“The gap between men and women on payrolls had been narrowing in recent years, reflecting growth in services industries that employ higher numbers of women, especially the booming health-care field. That is a different outcome than the one other time that women outnumbered men—a stretch in 2009 and 2010—when men disproportionately lost construction and manufacturing jobs.

“Women account for a larger share of U.S. adults but are less likely to work than men, according to a separate Labor Department survey. But their participation in the labor force has been growing, especially among younger and Hispanic workers, helping drive job gains. Men, meanwhile, are more likely to hold nonpayroll jobs, such as being self-employed or working on farms.

“December’s jobs report capped a decade of payroll gains—the longest stretch in 80 years of record-keeping.

“Employers are adding jobs, despite low unemployment, by pulling workers off the sidelines—including women, Hispanics, blacks and those with lower levels of education that have historically faced barriers to employment. However, those jobs are often in lower-paying fields, and those workers tend to be paid less than white, male counterparts.

“An alternative measure, which captures underemployed and those marginally attached to the workforce, the U-6, fell to 6.7%, the lowest on records back to 1994. But the share of adults working or looking for work held steady last month at 63.2% and remains well down from a peak of 67.3% in 2000.” [Boldface added]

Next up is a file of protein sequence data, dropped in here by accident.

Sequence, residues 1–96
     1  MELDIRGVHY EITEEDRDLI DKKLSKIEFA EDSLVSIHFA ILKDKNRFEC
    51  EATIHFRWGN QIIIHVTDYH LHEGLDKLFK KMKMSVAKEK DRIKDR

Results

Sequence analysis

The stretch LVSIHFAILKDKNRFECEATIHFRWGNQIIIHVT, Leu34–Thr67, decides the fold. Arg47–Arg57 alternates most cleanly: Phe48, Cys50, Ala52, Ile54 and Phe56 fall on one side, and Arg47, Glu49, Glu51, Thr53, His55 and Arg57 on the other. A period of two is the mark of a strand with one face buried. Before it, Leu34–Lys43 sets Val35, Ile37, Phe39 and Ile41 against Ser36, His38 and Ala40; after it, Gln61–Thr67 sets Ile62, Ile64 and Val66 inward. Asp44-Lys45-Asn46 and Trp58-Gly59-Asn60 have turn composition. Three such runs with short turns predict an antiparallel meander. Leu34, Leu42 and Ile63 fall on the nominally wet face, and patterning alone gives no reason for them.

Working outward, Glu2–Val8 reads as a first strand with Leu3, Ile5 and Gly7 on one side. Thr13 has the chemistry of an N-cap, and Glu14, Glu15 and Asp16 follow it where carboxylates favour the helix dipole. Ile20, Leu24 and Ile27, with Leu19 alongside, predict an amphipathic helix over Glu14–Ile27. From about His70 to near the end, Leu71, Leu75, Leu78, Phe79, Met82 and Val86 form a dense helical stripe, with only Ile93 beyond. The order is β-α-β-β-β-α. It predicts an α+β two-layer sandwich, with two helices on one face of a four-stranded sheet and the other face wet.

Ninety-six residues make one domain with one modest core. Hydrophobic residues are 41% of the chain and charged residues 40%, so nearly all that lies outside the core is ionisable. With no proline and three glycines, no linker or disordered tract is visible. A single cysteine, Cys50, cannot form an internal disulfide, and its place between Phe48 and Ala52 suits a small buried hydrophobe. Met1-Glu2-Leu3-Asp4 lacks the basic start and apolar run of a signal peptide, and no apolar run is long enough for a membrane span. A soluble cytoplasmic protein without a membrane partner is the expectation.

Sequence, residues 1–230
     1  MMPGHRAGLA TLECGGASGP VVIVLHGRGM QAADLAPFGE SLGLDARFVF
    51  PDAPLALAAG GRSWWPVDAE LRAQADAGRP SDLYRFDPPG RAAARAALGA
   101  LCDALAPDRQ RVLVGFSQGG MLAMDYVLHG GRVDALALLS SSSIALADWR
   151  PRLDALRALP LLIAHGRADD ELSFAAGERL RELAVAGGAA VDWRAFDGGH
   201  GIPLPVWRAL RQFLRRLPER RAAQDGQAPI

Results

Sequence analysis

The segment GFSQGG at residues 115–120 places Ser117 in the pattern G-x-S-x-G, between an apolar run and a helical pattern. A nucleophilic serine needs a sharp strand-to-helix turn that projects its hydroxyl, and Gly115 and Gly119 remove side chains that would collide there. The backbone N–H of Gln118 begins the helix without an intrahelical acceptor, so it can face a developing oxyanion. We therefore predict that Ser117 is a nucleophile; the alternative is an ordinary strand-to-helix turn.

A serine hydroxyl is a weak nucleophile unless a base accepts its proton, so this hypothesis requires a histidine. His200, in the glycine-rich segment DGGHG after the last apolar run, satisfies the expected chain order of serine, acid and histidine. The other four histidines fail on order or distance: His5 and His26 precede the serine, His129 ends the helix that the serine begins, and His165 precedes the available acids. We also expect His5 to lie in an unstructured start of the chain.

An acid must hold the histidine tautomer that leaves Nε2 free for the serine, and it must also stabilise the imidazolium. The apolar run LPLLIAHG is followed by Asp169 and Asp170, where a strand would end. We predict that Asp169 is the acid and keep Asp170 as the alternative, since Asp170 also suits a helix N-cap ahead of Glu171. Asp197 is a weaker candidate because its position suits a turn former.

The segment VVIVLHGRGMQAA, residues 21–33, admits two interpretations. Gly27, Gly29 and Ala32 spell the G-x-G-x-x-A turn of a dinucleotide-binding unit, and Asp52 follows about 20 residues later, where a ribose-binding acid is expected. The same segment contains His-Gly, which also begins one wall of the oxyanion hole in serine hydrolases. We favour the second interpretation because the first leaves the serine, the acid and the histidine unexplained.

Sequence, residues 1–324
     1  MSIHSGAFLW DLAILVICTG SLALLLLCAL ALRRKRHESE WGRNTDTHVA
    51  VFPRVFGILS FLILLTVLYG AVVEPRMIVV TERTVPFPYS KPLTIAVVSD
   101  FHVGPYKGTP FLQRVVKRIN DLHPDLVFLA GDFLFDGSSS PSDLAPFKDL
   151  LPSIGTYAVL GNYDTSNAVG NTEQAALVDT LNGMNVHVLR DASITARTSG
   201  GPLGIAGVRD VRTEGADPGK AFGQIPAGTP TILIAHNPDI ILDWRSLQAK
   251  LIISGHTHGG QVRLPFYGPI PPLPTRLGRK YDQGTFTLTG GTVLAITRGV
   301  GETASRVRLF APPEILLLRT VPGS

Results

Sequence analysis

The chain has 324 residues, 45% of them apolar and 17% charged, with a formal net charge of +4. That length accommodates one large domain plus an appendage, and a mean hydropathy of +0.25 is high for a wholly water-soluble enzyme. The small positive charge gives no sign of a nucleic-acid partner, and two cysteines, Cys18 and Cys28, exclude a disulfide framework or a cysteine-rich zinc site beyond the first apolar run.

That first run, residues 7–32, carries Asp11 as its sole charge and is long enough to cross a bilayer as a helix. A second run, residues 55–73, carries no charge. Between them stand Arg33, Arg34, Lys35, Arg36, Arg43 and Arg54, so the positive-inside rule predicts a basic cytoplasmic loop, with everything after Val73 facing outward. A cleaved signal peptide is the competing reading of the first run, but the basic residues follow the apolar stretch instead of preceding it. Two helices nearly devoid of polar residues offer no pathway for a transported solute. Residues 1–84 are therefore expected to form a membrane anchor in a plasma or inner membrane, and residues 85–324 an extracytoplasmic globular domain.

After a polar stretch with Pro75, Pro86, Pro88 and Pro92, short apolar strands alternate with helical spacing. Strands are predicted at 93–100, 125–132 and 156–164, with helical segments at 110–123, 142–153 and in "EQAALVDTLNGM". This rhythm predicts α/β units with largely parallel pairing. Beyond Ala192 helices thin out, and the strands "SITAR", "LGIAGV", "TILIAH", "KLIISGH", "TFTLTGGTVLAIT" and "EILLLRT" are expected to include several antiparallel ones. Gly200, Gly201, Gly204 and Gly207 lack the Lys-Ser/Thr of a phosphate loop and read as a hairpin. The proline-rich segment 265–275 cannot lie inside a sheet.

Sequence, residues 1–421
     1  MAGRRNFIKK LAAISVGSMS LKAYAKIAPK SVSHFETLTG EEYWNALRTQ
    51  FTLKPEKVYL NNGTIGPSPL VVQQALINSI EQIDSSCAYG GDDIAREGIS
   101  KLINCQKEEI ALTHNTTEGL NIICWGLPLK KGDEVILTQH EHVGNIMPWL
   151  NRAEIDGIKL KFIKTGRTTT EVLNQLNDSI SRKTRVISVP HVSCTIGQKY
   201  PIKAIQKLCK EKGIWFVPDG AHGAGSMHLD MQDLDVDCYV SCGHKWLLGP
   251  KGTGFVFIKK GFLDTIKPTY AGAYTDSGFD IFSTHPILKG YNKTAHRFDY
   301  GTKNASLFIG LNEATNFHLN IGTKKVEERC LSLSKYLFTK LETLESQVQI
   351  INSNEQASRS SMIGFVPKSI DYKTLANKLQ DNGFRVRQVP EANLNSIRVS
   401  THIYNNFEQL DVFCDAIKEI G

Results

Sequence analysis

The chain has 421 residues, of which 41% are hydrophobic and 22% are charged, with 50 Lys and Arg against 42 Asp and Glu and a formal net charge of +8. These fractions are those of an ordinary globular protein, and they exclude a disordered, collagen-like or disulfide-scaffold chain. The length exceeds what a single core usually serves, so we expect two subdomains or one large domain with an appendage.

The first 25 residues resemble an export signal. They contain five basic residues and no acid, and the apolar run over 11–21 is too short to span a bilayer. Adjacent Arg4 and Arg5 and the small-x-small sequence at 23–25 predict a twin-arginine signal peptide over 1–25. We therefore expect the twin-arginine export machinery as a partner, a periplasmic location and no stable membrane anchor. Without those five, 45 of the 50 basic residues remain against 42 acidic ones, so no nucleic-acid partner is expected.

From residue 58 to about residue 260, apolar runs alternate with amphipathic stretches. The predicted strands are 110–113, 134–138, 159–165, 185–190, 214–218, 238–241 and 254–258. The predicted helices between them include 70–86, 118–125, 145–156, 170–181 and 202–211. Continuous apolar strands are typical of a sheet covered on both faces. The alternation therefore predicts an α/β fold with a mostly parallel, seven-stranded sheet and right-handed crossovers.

After several other political type comments, the article concludes with:

“For the decade, the U.S. added 22.6 million jobs, a dramatic turnaround from the 2000s, when the economy shed nearly 1 million. Still, in percentage terms, the 2010s were the second weakest decade for payroll growth on records back to the 1940s.”

TWTW Comments: The unemployment rate of 3.5% is well below the 5% that, a few years ago, many popular economists were predicting as impossible in a modern economy. According to figures by the Bureau of Labor Statistics (BLS), 3.5% is the lowest unemployment rate since the late 1960s when about 2 million more Americans were on military active duty (now about 1.35 million), many not voluntarily. Further, over the past six months the black unemployment rate has been below 6%, the lowest ever calculated since BLS started compiling those numbers in the early 1970s.